As I thought over my favorite book/illustrator combos, stories and images came to my mind. Charlotte’s Web, by E.B. White, was the first. What more could you want for a cover than the cobweb bedecked title, with little Charlotte hanging from it? There is Wilbur clutched in the protective arms of Fern, looking timid, sweet, and vulnerable. Then there is Fern. She has a calm face and messy hair pulled back in a playful ponytail. Without a doubt, Garth Williams’s illustrations have a way of opening up the heart of a book and revealing its soul with pen and ink on paper.
The next books to come to my mind were Laura Ingalls Wilder’s classic series, also illustrated by Garth Williams. I can remember Laura holding Charlotte, her ragdoll, in her arms. Her head is tilted and she seems content as she hugs the doll and her family stands around watching her. Then there are the pictures of Pa: Pa with his hair sticking up in the air; Pa with his buffalo coat on, eating crackers while he’s stuck in the snow, Pa just playing the fiddle. Each picture is a window into the world and life that Laura offers to us in her books.
When a writer and an illustrator work well together, they are like a master musician that carries us along with his beautiful melody and moving harmonies. But as magical as this can be, what about when it doesn’t work? What about when the two clash and you are stuck with those discordant words and images stuck in your head?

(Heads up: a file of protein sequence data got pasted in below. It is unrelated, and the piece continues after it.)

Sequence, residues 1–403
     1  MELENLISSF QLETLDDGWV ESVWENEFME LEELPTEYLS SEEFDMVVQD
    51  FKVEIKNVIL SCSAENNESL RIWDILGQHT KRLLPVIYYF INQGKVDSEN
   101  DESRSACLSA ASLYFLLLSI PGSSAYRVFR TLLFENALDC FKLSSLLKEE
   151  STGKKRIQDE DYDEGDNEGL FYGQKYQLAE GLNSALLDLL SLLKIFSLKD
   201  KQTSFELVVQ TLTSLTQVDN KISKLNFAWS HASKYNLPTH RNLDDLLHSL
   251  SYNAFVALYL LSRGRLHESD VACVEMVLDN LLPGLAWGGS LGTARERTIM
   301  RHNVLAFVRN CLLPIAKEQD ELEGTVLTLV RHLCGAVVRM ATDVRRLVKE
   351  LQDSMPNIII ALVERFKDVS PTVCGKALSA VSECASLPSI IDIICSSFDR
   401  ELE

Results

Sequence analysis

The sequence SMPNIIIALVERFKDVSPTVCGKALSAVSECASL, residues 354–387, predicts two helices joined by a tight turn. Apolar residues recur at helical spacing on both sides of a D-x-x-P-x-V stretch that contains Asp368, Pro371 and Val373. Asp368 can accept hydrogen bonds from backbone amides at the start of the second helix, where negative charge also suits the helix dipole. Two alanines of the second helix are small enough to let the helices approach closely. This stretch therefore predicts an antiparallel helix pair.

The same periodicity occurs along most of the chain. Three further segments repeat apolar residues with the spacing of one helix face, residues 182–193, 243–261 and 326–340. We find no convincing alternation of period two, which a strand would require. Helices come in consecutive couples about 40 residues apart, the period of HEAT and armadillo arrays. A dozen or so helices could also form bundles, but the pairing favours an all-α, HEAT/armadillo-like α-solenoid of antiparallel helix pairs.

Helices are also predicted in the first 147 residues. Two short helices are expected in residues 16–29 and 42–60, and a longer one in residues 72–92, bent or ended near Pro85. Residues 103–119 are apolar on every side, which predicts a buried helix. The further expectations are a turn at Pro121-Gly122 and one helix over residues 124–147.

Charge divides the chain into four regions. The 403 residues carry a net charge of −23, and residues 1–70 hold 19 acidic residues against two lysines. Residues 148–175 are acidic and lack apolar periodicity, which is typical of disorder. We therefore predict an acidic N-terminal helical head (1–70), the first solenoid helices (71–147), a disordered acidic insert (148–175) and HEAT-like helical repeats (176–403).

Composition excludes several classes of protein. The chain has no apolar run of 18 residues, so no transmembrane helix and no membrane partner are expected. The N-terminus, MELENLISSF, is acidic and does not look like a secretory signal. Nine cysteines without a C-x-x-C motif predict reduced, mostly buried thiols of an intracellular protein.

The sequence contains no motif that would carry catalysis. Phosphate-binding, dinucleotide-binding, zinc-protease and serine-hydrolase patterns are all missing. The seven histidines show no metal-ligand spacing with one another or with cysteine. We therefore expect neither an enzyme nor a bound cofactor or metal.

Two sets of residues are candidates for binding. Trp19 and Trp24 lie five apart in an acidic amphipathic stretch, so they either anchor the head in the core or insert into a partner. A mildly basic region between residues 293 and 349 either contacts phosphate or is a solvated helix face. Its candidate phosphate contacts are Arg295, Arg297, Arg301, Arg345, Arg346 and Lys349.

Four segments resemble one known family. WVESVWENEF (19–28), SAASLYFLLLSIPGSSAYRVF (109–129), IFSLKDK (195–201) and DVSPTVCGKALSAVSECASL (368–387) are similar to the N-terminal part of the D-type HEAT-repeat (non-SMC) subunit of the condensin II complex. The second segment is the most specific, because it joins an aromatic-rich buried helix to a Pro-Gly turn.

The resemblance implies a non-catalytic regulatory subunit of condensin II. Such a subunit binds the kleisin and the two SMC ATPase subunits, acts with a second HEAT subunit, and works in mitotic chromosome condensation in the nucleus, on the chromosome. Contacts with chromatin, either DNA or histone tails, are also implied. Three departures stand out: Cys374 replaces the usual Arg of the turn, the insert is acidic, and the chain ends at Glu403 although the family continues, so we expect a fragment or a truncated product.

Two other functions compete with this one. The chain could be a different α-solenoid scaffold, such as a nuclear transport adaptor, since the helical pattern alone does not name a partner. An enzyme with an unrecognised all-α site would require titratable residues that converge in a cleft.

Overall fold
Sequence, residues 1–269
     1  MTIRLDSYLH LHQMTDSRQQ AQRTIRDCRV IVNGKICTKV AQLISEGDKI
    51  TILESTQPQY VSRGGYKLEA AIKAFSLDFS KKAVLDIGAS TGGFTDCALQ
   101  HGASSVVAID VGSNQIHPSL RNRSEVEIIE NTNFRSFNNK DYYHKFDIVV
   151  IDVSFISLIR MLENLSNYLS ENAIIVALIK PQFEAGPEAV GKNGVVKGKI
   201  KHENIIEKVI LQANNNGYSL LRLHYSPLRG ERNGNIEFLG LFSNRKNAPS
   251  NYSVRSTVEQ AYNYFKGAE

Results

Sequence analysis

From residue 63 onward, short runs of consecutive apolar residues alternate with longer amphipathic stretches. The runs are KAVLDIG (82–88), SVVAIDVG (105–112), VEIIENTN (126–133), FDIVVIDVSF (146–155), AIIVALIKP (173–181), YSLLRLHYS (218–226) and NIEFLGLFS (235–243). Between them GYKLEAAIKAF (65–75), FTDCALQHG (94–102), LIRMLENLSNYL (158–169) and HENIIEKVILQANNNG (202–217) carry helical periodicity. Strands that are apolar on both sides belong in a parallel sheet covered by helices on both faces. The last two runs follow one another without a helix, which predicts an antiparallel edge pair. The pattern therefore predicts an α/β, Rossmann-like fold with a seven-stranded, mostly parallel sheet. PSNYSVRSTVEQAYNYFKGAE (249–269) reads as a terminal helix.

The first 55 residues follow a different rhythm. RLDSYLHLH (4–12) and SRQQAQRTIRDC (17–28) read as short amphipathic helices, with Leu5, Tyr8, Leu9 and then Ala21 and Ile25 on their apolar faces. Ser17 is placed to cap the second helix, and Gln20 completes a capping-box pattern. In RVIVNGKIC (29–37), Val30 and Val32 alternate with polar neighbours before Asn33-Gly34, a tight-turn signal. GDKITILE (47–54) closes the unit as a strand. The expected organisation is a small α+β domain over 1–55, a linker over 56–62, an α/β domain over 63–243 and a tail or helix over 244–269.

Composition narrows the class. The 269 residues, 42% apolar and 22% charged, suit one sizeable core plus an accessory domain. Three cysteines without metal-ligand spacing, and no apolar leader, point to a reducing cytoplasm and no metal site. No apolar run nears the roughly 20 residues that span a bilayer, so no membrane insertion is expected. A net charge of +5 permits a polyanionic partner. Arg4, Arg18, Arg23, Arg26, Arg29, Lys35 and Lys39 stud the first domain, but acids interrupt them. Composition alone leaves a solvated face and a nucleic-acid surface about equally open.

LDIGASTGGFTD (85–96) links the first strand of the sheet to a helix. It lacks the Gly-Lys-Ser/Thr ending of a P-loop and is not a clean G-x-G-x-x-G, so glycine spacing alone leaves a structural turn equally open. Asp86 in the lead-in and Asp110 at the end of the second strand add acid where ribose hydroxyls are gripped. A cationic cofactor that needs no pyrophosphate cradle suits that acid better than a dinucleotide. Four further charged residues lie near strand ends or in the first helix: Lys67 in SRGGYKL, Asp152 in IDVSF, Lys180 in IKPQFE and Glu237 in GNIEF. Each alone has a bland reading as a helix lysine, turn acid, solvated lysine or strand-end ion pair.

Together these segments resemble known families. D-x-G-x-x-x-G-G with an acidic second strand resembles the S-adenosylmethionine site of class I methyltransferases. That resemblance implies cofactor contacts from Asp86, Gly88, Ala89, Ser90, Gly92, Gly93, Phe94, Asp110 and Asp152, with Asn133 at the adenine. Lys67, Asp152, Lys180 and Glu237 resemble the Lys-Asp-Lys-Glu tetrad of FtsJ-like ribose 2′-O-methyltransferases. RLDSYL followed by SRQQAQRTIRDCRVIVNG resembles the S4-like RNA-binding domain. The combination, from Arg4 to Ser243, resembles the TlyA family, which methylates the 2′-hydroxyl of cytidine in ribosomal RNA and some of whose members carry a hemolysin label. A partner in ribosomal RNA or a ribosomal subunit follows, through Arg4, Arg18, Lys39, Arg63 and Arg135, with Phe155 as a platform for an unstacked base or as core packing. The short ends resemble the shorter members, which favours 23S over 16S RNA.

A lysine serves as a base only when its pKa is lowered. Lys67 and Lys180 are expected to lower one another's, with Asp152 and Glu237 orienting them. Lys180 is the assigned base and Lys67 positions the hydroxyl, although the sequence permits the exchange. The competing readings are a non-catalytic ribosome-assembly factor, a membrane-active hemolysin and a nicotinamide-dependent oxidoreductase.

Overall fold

Have you ever read a book and been frustrated that the illustrations in the book just don’t match the pictures in your mind? This happens, by the way, so often to my wife and children that mostly they skip over the illustrations in books when they read them. There are great books that seem to be cheapened somehow by bad art.
These thoughts show us the powerful role the visual arts have in making impressions. There is, after all, a reason why we have the old saying, “Don’t judge a book by it cover.”
All arts have influence, but not all art has equal access to our souls. The more access I give media, the more influence it has over me. The more my soul is influenced, the more power it has for good or evil.
I like to picture a soul like a city with walls, and as John Bunyan once said, there are gates in these walls. The largest of these gates are the Eye gate and the Ear gate. These are the main routes through which the merchants of ideas must pass. Through these two gates almost all knowledge is communicated to our soul. This means that whoever controls them has great sway over my will, mind, emotions, and in time, my beliefs.
Though all arts interacts with these gates in some way, the way they do so is different. Let us think about music as an example. Why is it that in the movie Jaws the director decided to use that music that would forever after become a pop culture icon…“da dun… da dun… da dun, da dun, da dun?” Even if you have never seen the movie, it still invokes the same response. What would happen if we muted the music during all those famous fight scenes where Errol Flynn is Robin Hood? It would somehow lose something without those swelling classic notes. This is because when music comes up to my Ear gate it enters right inside and passes by reason and begins to transact business with my emotions almost instantly. The deal is done and the influence is granted even before reason has a chance to know what is going on! These feelings then influence reason, and these two together inform our imagination.